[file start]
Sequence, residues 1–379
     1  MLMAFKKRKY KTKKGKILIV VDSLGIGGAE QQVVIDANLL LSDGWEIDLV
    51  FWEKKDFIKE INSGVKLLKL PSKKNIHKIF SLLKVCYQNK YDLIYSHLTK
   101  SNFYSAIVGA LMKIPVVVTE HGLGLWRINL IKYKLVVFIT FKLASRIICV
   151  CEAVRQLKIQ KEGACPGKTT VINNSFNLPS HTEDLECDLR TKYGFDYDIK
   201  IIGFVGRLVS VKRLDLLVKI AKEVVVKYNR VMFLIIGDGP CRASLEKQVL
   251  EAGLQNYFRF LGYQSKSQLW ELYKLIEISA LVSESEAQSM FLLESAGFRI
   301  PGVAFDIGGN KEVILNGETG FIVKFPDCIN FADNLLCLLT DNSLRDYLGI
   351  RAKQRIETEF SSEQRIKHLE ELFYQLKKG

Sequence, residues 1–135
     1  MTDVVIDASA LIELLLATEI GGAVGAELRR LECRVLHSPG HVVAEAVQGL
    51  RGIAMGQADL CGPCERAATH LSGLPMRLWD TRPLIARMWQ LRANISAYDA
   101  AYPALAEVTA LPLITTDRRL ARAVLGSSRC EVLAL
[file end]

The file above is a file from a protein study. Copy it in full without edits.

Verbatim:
Sequence, residues 1–379
     1  MLMAFKKRKY KTKKGKILIV VDSLGIGGAE QQVVIDANLL LSDGWEIDLV
    51  FWEKKDFIKE INSGVKLLKL PSKKNIHKIF SLLKVCYQNK YDLIYSHLTK
   101  SNFYSAIVGA LMKIPVVVTE HGLGLWRINL IKYKLVVFIT FKLASRIICV
   151  CEAVRQLKIQ KEGACPGKTT VINNSFNLPS HTEDLECDLR TKYGFDYDIK
   201  IIGFVGRLVS VKRLDLLVKI AKEVVVKYNR VMFLIIGDGP CRASLEKQVL
   251  EAGLQNYFRF LGYQSKSQLW ELYKLIEISA LVSESEAQSM FLLESAGFRI
   301  PGVAFDIGGN KEVILNGETG FIVKFPDCIN FADNLLCLLT DNSLRDYLGI
   351  RAKQRIETEF SSEQRIKHLE ELFYQLKKG

Sequence, residues 1–135
     1  MTDVVIDASA LIELLLATEI GGAVGAELRR LECRVLHSPG HVVAEAVQGL
    51  RGIAMGQADL CGPCERAATH LSGLPMRLWD TRPLIARMWQ LRANISAYDA
   101  AYPALAEVTA LPLITTDRRL ARAVLGSSRC EVLAL